Some would say that humility is remaining silent. People might know that a word should be spoken or a deed done, but they remain silent and inactive. They might tell themselves, "No one wants to hear my opinion." It astounds me again and again that people are more willing to talk about anything they possess, a new coat, new furniture, the new boat, than they are to talk about their faith in Jesus Christ. Chances are that they refrain more from fear than from humility. Fortunately, Holy Spirit fills us with courage, not a false humility that keeps us silent before those needing a witness.
So humility is not found in comparing one's self to others. And humility is not an attribute that we can consciously pursue and then publicly celebrate when we think we have it. Humility is not in doubting one's power or in hesitating to speak one's opinion or act on convictions. As demonstrated and taught by Jesus, Christian humility is connected to the will of God. Truly great and humble Christians, have a sense that greatness is not in them, but through them, and that they could not do or be anything else other than what God has made them.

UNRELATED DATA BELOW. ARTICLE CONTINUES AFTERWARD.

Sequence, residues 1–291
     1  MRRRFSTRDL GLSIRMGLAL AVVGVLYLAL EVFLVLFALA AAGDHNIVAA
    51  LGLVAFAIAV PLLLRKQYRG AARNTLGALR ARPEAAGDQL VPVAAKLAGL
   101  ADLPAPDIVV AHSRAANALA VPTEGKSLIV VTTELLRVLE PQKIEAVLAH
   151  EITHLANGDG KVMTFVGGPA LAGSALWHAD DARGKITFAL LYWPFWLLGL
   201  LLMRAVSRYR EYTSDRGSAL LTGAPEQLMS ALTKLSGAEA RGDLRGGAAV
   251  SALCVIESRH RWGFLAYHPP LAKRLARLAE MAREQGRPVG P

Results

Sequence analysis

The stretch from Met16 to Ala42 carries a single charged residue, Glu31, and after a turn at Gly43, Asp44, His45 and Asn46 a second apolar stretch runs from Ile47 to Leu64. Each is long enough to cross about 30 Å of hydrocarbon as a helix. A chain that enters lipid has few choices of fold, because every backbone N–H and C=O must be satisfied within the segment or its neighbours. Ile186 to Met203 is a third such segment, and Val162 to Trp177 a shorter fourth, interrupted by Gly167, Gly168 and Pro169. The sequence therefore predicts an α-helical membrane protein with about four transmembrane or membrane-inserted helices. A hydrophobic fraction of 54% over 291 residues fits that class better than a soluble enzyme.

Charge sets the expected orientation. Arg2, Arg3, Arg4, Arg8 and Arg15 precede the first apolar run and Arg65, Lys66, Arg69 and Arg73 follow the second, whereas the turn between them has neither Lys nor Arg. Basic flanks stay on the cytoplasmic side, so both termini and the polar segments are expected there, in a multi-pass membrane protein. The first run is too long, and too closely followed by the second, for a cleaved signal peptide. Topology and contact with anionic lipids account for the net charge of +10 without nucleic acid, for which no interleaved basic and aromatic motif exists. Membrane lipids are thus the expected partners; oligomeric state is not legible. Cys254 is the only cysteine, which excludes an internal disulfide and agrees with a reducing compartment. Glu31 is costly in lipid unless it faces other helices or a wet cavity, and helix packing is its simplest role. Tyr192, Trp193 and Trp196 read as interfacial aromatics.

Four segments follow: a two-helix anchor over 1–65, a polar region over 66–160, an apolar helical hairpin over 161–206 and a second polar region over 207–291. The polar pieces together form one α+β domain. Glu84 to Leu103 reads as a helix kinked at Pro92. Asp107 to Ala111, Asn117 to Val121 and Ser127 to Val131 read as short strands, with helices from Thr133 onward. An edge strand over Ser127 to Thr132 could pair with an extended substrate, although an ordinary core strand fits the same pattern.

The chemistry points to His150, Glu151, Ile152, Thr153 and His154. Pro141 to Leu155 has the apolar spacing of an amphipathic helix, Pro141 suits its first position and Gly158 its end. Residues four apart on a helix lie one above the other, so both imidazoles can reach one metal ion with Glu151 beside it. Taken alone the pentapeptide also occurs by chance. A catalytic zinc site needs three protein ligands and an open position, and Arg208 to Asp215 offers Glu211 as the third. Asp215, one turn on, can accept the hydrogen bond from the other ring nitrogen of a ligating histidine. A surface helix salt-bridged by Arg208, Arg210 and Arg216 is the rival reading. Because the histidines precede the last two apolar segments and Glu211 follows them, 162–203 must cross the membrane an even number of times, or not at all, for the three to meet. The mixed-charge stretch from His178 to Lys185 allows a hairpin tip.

The famous inventor Samuel Morse was once asked if he ever encountered situations where he didn't know what to do. Morse responded, "More than once, and whenever I could not see my way clearly, I knelt down and prayed to God for light and understanding." Morse received many honors from his invention of the telegraph but said this of himself: "I have made a valuable application of electricity not because I was superior to other men but solely because God, who meant it for mankind, must reveal it to someone and He was pleased to reveal it to me." (Hansel)
The famous writer, Alex Haley, had a picture of a turtle sitting on a fence post hanging in his office. He said that the picture reminded him of a valuable lesson. If you see a turtle sitting on a fence post, you know he had some help. Haley said that anytime he started to think, "Wow! This is marvelous what I've done," he looked at the picture and remembered that like the turtle he had help getting there.